Weak Outlook for Sterling Goes Beyond Brexit
With Brexit uncertainty unlikely to be resolved soon and the U.K. economy slowing, the outlook for the pound is bleak. But even a quick Brexit resolution might fail to boost the currency, according to analysts.
After rallying in January on hopes for a softer Brexit or a delay in the U.K.’s exit from the European Union, sterling has lost nearly 3% in recent weeks.
U.K. Prime Minister Theresa May on Tuesday is set to speak before Parliament as the March 29 Brexit deadline nears. Meanwhile, data Monday showed the U.K. economy grew at its slowest pace in six years in 2018 as the Brexit negotiations weighed on investment decisions.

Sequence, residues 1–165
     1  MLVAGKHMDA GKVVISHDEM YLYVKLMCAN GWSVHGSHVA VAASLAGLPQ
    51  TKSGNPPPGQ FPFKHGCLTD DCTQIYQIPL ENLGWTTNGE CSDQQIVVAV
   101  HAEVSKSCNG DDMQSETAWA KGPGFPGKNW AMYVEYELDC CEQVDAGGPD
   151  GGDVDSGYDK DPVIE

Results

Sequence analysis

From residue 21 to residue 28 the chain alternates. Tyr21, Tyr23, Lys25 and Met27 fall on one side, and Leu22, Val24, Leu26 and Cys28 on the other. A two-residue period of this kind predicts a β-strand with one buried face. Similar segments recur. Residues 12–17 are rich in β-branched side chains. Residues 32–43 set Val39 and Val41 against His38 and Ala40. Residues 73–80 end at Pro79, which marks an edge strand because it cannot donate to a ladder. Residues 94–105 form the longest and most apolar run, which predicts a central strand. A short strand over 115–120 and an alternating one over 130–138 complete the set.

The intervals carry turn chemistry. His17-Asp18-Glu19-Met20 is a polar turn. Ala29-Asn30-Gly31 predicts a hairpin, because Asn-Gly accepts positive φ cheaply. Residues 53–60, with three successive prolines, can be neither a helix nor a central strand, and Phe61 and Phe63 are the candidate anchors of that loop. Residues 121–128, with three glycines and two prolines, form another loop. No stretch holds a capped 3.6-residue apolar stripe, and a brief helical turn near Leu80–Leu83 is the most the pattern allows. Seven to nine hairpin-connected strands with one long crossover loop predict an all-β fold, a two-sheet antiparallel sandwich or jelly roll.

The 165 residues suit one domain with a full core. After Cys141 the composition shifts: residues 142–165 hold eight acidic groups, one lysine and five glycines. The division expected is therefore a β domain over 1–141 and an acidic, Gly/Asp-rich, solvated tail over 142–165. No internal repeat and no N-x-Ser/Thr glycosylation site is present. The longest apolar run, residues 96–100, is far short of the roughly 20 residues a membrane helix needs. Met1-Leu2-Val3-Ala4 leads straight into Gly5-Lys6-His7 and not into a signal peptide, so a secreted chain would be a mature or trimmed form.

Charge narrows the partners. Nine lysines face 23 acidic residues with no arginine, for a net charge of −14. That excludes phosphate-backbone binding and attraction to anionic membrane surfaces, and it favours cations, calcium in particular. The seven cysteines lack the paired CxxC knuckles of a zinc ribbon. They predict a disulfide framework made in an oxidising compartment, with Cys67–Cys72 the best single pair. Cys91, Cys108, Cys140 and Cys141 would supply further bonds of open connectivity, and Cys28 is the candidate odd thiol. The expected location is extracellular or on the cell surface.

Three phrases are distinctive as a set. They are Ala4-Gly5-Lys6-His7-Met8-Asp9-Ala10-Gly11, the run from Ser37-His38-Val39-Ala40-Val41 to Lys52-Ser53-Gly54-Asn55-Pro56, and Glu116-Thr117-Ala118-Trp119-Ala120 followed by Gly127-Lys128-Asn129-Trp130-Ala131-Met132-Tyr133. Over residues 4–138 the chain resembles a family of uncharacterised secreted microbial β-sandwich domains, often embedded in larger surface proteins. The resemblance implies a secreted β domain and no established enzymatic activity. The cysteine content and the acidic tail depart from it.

“The likelihood of May and Sterling going over the cliff on March 29 increases by the minute,” analysts at Commerzbank wrote in a note to clients.
Even in the case of a quick Brexit resolution, however, the pound’s weakness could still drag on due to fundamental factors.
Simon Derrick, chief currency strategist at BNY Mellon said a slowdown in the U.K. housing market since 2014 has been matched by a weakness in the pound which precedes the 2016 Brexit referendum. The pound traded above $1.72 in the summer of 2014.
The Royal Institution of Chartered Surveyors’ index of house prices has been declining since then, with the pace of the slowdown accelerating in the fourth quarter of 2018, as have both the Nationwide and the Halifax house price surveys, Mr. Derrick said.
“This suggests that while it’s highly likely there would be a bounce in GBP should the Brexit negotiations result in a business/investment-friendly outcome, this might prove weaker than imagined,” he said.
Source: Dow Jones